Data from: Is sexual selection driving diversification of the bioluminescent ponyfishes (Teleostei: Leiognathidae)?
Chakrabarty, Prosanta et al. (2011), Data from: Is sexual selection driving diversification of the bioluminescent ponyfishes (Teleostei: Leiognathidae)?, Dryad, Dataset, https://doi.org/10.5061/dryad.8987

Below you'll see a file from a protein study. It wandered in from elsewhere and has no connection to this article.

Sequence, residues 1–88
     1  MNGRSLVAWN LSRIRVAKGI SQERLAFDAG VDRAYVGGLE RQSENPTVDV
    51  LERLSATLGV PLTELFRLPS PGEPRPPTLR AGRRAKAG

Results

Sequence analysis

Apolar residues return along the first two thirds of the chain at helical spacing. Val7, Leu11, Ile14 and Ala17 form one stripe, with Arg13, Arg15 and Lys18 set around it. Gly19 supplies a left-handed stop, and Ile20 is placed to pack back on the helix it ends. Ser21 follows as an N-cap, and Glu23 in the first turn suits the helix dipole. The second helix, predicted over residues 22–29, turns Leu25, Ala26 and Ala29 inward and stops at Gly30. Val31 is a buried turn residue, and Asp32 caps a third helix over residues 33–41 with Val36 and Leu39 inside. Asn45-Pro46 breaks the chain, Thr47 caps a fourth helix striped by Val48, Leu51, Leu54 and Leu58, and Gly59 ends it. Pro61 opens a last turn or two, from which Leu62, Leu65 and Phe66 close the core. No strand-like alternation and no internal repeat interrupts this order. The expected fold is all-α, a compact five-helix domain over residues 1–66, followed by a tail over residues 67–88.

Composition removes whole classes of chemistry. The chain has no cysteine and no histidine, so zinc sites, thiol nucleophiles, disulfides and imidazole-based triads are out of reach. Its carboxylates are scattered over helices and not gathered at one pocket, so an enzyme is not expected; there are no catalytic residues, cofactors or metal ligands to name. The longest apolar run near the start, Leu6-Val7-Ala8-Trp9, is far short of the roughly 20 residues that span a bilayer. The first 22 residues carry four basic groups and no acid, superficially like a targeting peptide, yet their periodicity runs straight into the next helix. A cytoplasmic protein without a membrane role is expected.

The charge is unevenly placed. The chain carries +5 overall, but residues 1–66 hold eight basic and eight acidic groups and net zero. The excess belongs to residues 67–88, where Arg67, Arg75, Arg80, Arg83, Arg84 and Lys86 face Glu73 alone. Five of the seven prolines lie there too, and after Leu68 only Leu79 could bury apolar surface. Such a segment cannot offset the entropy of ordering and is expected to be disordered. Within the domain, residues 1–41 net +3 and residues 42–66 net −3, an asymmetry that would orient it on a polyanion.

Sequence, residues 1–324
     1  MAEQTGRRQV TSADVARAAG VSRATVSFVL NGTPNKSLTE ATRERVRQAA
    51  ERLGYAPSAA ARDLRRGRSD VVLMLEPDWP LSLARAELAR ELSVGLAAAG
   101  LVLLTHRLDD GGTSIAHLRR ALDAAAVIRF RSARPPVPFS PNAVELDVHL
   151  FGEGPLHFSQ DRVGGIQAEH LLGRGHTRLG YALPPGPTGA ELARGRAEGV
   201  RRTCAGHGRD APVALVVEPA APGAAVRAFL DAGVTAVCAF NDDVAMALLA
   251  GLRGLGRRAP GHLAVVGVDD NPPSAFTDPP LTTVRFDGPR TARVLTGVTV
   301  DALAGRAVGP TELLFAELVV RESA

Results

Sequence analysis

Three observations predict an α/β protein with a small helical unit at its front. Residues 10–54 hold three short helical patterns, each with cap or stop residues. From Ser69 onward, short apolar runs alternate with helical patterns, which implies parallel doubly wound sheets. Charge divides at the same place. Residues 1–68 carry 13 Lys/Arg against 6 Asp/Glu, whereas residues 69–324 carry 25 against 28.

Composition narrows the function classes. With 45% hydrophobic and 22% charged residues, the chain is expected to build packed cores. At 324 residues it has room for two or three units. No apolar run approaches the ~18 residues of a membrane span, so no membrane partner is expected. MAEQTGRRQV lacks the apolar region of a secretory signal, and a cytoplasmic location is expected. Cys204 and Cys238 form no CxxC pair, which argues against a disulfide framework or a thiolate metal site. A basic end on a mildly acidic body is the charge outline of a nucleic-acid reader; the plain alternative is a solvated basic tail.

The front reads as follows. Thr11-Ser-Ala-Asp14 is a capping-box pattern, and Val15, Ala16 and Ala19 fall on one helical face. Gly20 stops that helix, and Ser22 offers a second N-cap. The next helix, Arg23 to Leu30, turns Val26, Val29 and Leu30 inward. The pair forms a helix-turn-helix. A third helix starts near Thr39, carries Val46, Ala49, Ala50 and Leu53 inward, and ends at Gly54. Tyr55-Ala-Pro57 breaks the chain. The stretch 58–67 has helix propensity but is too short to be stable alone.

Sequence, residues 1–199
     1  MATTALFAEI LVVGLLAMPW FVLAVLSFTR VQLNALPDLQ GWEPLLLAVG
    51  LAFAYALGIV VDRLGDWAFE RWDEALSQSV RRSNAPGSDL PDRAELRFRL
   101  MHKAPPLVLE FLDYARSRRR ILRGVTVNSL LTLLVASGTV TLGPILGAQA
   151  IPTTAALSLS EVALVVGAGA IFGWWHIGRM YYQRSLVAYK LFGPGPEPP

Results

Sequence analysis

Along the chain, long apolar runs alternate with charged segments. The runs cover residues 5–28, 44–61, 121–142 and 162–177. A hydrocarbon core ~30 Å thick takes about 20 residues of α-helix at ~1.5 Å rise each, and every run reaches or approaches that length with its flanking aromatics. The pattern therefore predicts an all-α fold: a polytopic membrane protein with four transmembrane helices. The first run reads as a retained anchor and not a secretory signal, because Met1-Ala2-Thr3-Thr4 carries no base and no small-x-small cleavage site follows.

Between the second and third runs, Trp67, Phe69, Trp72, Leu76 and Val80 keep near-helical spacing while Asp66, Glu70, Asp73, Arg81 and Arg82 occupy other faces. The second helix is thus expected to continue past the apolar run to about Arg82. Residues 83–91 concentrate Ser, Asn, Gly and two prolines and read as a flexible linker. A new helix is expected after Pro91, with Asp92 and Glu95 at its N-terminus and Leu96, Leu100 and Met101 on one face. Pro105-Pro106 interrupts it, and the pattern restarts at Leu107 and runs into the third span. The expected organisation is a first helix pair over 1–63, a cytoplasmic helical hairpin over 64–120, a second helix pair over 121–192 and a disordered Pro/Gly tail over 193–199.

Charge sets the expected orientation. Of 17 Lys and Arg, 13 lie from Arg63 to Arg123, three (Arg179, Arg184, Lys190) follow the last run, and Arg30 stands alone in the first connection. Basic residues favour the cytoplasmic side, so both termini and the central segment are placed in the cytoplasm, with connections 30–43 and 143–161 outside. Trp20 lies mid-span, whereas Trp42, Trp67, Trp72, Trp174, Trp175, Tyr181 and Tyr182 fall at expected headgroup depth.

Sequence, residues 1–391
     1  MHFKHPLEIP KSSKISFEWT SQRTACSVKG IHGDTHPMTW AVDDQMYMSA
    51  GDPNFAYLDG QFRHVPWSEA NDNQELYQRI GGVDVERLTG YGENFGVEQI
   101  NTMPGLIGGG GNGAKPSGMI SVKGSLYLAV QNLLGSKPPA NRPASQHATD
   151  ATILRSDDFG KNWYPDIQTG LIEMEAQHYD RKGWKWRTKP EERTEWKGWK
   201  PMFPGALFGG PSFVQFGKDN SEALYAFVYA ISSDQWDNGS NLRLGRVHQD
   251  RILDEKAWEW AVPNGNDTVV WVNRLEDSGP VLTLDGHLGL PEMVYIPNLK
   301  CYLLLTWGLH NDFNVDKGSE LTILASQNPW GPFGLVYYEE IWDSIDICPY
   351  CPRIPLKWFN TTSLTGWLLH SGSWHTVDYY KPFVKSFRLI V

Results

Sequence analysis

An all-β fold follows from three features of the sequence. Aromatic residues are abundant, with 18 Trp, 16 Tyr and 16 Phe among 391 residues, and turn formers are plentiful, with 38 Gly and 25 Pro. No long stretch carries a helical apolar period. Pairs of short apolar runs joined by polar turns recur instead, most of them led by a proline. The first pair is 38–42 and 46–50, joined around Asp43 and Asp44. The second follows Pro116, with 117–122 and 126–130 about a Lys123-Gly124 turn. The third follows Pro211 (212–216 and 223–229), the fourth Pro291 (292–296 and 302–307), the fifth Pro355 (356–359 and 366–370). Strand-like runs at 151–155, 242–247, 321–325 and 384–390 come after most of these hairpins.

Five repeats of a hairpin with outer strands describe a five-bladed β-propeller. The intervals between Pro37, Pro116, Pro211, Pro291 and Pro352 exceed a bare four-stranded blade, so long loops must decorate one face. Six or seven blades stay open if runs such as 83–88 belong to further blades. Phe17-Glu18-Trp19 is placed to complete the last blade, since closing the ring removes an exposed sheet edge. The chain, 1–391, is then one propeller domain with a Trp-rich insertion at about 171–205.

Sexual selection is a mechanism of speciation that theoretically could provide genetic isolation among populations and lead to an increase in diversification rates. In this study, we investigate the impact of potential sexual selection on the tempo and mode of ponyfish evolution. Ponyfishes (Leiognathidae) are bioluminescent marine fishes that exhibit sexually-dimorphic features of their unique light-organ system (LOS). Given that some leiognathid species have a sexually dimorphic LOS, whereas others do not, this family provides an excellent system within which to study the potential role of sexual selection in diversification and morphological differentiation. We estimate the phylogenetic relationships and divergence times of Leiognathidae, investigate the tempo and mode of ponyfish diversification, and explore morphological shape disparity among clades. We recover strong support for a monophyletic Leiognathidae, and estimate that all major ponyfish lineages initially evolved during the Paleogene. We conclude that if sexual selection is occurring in ponyfish evolution, it is likely only as a genetic isolating mechanism that has allowed ponyfishes to continuously diversify over time, with no overall impact on increases in diversification rate or morphological disparity.